The Gateway to Computer Science Excellence
First time here? Checkout the FAQ!
x
+6 votes
770 views

$L= \{\langle M\rangle \mid L(M)\text{ is infinite}\}$

  1. $L$ is RE but $L'$ is not RE
  2. Both $L$ and  $L'$ are RE
  3. $L$ is not RE but $L'$ is  RE
  4. Both $L$ and  $L'$ are not RE
asked in Theory of Computation by Boss (17.8k points)
edited by | 770 views

3 Answers

+8 votes
Best answer

Let us assume L is RE. So, we have a TM N which will say "yes" if given an encoding of a TM whose language is infinite. Now using N we try to solve the non-halting problem as follows:

A non-halting problem is given as follows: Given an encoding of TM <H> and a word w, whether H does not halt on w. That is, we have to decide if H does not halt on w. This problem is proved to be not RE and so no TM can not even say "yes" for "yes" cases of the problem. 

Now, given a non-halting problem (<H>, w), we proceed as follows: We make a new TM say A, which on input x, just simulates H on w for |x| steps. If H halts on w, A goes to reject state. Otherwise, it accepts. So, L(A) = $\Sigma^*$ if H does not halt on w and L(A) = a finite set if H halts on w. (If H halts in |x| steps for w, any string with length greater than |w|, would certainly be not in L, making L a finite set). 

Now, we just give the encoding of A to our assumed TM N. If N says "accept", we have that L(A) is infinite => H does not halt on w => we solved "yes" case of the non-halting problem, which is not possible. Hence, our initial assumption of L is RE is false. L is not RE. 

Proving L' is not RE is easy. 
L' = {<M> | L(M) is finite}

L(M) is finite is a non-monotonic property of TM. Because we can take TM $T_{yes}$ with $L(T_{yes} ) = \phi$ and $T_{no}$ with $L(T_{no}) = \Sigma^*$. Here, $T_{yes}$ satisfies the property (of being finite) and $T_{no}$ does not satisfy the property and $L(T_{yes}) \subset L(T_{no})$, making this a non-monotonic property of TM. And hence this becomes not RE as per Rice's theorem second part.

So, both L and L' are not RE making (D) the correct answer.

http://gatecse.in/wiki/Rice%27s_Theorem_with_Examples

answered by Boss (17.8k points)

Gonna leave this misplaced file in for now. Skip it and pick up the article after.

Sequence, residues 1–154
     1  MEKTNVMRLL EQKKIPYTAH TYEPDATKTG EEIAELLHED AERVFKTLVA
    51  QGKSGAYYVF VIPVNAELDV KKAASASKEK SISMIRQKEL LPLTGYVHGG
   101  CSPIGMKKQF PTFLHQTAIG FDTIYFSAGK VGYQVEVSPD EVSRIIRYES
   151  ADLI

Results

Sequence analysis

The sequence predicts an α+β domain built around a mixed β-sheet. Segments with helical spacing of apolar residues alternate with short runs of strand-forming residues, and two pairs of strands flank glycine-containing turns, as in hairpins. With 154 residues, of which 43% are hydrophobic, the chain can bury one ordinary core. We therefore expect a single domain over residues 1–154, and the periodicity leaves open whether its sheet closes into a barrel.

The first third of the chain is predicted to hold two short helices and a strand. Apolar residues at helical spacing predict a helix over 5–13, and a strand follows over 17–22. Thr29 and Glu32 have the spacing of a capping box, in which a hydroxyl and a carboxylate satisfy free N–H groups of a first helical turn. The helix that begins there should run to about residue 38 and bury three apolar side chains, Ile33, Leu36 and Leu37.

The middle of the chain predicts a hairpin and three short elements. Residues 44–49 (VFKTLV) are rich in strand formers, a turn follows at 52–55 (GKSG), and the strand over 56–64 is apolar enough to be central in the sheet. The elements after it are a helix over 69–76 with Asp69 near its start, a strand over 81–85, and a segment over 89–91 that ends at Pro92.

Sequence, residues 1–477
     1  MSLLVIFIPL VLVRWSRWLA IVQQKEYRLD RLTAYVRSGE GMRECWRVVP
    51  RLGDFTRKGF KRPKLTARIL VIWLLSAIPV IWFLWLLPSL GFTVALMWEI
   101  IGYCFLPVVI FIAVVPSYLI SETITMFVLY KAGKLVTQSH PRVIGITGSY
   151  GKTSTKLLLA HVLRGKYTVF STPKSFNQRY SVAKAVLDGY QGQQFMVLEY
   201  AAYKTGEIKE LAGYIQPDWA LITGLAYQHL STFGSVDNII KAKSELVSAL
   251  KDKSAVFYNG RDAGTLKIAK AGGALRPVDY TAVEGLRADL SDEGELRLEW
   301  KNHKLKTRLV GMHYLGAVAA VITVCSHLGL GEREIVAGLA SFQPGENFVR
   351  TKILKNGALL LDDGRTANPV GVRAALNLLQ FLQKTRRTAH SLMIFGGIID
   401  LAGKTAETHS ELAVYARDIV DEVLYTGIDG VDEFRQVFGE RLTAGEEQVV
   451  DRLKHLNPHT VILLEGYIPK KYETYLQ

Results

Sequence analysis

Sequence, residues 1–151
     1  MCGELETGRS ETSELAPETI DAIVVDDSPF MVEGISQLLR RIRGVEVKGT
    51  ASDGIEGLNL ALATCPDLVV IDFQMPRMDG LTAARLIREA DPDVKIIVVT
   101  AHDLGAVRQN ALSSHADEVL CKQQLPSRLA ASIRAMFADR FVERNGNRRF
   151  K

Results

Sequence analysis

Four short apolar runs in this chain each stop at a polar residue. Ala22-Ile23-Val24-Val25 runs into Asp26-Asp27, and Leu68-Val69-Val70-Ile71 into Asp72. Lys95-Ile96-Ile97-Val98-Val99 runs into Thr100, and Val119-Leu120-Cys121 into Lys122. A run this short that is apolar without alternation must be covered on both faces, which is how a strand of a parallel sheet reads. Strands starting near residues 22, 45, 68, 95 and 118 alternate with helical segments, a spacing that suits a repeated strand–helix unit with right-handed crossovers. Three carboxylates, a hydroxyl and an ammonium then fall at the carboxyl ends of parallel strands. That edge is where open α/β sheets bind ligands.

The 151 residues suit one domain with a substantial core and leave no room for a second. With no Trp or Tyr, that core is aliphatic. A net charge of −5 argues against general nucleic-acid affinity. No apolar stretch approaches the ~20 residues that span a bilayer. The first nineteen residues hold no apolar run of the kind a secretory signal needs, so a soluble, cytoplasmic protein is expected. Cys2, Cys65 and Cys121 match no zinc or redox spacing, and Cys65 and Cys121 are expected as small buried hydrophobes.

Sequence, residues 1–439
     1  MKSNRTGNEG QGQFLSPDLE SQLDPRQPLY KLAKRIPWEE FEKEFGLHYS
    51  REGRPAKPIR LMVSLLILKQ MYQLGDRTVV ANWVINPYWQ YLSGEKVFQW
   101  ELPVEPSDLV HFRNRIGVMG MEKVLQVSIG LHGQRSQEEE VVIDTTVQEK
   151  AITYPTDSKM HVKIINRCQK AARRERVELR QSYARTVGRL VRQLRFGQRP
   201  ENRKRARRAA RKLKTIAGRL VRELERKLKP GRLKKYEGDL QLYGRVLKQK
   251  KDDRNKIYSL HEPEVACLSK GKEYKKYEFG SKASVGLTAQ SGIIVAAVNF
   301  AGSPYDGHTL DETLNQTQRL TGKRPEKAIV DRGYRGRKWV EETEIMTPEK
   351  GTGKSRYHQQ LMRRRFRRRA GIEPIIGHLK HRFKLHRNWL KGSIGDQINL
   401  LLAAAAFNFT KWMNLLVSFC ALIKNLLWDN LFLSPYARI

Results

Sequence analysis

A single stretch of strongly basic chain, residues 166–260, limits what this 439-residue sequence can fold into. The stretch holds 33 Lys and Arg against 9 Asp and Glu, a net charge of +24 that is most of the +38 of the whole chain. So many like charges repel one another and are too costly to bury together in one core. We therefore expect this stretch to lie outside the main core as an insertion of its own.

edited by
+1
is it a typo "given a halting problem (<H>, w), " in the 4th para ? should it be 'non-halting' ?
+1
yes, corrected now.
0

@Arjun sir

L={⟨M⟩∣L(M) is infinite}

Here, there doesn't exist two TM's such that (Tyes)⊂(Tno).

Then why is it non-re?

 

L={ML(M) is infinite}

+1
Rice's theorem part 2 is one-way like Pumping lemma. Part-1 is 2 way.
0

@Arjun Sir, Can you please explain me the meaning of highlighted text. Also what is the relation between |w| & k.

0
@Kiran Karwa

Rice's theorem-2 is sufficient condition but not necessary condition.
+1 vote
D

is the correct answer
answered by (83 points)
0 votes

OPtion D

We cannot have Tyes and Tno such that L(Tyes)⊂L(Tno).

Hence, this is not a non-monotonic property and Rice’s 2nd theorem is not applicable.

Still, L={M∣L(M) is infinite } is not Turing recognizable (not recursively enumerable)

answered by Loyal (8.6k points)
edited by
0
Someone please explain what excatly

"L={⟨M⟩∣L(M) is infinite}" mean?
0
@parshu

It means the language accepted by the turing machine M, ( which is L(M) ), is infinite. ie, the language L(M) contains infinite strings
0

If we consider t​​​​​​yes= a​​​​​*  and  t​​​​​​no= ∑* where ∑={a,b}

Here we can apply rice second theorem rt??

Hence we can prove it to be non RE



Quick search syntax
tags tag:apple
author user:martin
title title:apple
content content:apple
exclude -tag:apple
force match +apple
views views:100
score score:10
answers answers:2
is accepted isaccepted:true
is closed isclosed:true

34,781 questions
41,758 answers
118,934 comments
41,400 users